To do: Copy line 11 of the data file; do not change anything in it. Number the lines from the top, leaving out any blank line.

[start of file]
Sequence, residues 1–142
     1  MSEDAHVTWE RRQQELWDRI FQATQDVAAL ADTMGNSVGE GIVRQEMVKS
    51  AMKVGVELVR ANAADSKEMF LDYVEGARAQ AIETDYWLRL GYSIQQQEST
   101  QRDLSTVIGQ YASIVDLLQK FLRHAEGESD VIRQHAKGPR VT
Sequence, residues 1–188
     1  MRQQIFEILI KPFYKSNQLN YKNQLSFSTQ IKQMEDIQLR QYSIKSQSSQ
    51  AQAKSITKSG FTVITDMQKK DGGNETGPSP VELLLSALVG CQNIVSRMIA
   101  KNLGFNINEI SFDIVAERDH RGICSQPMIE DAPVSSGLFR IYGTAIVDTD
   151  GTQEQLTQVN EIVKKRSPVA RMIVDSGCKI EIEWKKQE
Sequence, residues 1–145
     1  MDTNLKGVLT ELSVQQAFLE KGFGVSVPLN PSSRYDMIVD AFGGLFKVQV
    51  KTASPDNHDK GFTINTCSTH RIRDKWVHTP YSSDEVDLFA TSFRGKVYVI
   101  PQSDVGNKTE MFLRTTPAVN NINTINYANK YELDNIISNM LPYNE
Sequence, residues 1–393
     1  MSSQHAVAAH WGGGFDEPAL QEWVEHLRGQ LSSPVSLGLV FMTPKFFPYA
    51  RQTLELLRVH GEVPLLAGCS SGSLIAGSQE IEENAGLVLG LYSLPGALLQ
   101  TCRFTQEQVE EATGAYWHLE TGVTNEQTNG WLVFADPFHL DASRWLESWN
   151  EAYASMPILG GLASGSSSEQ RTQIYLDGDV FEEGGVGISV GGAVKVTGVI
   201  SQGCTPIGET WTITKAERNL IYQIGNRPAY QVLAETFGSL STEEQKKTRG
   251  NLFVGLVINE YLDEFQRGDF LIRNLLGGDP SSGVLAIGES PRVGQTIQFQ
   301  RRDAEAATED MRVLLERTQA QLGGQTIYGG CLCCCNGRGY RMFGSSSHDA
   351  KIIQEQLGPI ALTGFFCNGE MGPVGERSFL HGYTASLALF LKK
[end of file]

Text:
     1  MDTNLKGVLT ELSVQQAFLE KGFGVSVPLN PSSRYDMIVD AFGGLFKVQV